The brisk young lad
The pawky auld carle came o'er the lea,
W'mony good-eens and days to me,
Saying, gudewife, for your courtesie,
Will ye lodge a silly poor man?
The night was cauld, the carle was wat,
And down ayont the ingle he sat;
My doughter's shouthers he 'gan to clap,
And cadgily ranted and sang.
O wow! quo' he, were I as free
As first when I saw this countrie,
How blythe and merry wad I be!
And I wad ne'er think lang.
He grew canty, she grew fain,
But little did her auld minny ken
What thir slee twa together were saying,
When wooing they were sae thrang.
And O! quo' he, were ye as black
As e'er the crown o' my daddie's hat,
'Tis I wad lay you by my back,
And awa wi' thee I'd gang.
And O! quo' she, were I as white,
As e'er the snaw lay on the dyke,
I'd cleid me braw, and lady like,
And awa wi' thee I'd gang.
Between the twa was made a plot;
They raise a wee before the cock,
And wylily they shot the lock,
And fast to the bent they're gane.
Up in the morn the auld wife raise,
And at her leisure put on her claise;
Syne to the servant's bed she gaes,
To speir for the silly poor man.
She gaed to the bed where the beggar lay,
The strae was cauld, he was away;
She clapt her hands, cry'd, dulefu' day!
For some o' our gear will be gane.
Some ran to coffer, and some to kist,
But nought was stown that cou'd be mist;
She dance'd her lane, cry'd praise be blest!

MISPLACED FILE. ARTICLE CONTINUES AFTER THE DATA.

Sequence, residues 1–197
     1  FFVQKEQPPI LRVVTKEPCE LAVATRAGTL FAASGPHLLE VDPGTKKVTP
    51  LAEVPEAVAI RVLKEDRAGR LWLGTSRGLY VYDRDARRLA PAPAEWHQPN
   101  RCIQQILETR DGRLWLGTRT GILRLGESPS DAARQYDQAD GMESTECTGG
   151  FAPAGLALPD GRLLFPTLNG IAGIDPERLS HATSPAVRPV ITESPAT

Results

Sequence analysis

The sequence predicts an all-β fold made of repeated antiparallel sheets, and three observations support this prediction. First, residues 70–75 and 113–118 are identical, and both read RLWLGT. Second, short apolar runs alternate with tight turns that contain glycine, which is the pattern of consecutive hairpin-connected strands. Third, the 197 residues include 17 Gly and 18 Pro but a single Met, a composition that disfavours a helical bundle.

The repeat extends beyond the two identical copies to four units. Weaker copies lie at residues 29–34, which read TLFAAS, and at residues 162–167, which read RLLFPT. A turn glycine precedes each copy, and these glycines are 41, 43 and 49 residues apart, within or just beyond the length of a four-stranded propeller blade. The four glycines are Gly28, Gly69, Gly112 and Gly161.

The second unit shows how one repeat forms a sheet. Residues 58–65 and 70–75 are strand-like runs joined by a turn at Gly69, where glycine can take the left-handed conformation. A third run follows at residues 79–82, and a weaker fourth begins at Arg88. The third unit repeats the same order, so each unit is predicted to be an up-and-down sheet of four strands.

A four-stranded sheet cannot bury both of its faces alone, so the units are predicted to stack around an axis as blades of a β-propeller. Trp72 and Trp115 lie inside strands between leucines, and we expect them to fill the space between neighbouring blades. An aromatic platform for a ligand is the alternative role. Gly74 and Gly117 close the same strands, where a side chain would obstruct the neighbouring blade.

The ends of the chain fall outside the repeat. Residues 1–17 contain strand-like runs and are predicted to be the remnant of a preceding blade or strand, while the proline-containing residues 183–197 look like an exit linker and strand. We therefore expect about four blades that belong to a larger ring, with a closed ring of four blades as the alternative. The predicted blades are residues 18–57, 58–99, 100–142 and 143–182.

I have lodg'd a leal poor man.
Since naething's awa', as we can learn,
The kirn's to kirn, and milk to yearn,
Gae but the house, lass, and waken my bairn,
And bid her come quickly ben.
The servant gaed where the doughter lay,
The sheets were cauld, she was away,
And fast to her gudewife 'gan to say,
She's aff wi' the silly poor man!
Mean time, far hind owr the lea,
Fu' snug in a glen, where nane cou'd see,
The twa in kindly sport and glee,
Cut frae a new cheese a whang.
The prieving was gude, it pleas'd them baith;
To lo'e her for ay he gave her his aith:
Quo' she, to leave thee I will be laith,
My winsome Gab'lunzie man.
Pawky = cunning
Auld carle = a name for an old man
Ayont = beyond
Ingle = fire-place
Shouthers = shoulders
Cadgily = cheerfully
Canty = merry
Fain = joyful
Minny = mother
Thir = these
Slee = sly
Thrang = intimate, familiar
Cleid = clothe
Wee = little
Bent = open field, open country
Claise = clothes
Syne = then
Spear = ask, enquire
Dulefu' = sorrowful
Gear = riches, goods of any kind
Stown = stolen
Lane = herself alone
Leal = honest
Kirn = churn
Yearn = curdle
Gae but the house = go towards the outer part or end of the house
Bairn = child
Ben = to the inner room or parlour
Whang = large slice
Prieving = tasting
Submitted by Ferdinando Albeggiani
Musical settings (art songs, Lieder, mélodies, (etc.), choral pieces, and other vocal works set to this text), listed by composer (not necessarily exhaustive)
Text added to the website: 2009-07-15.
Last modified: 2014-06-16 10:03:18
Line count: 56
Word count: 405
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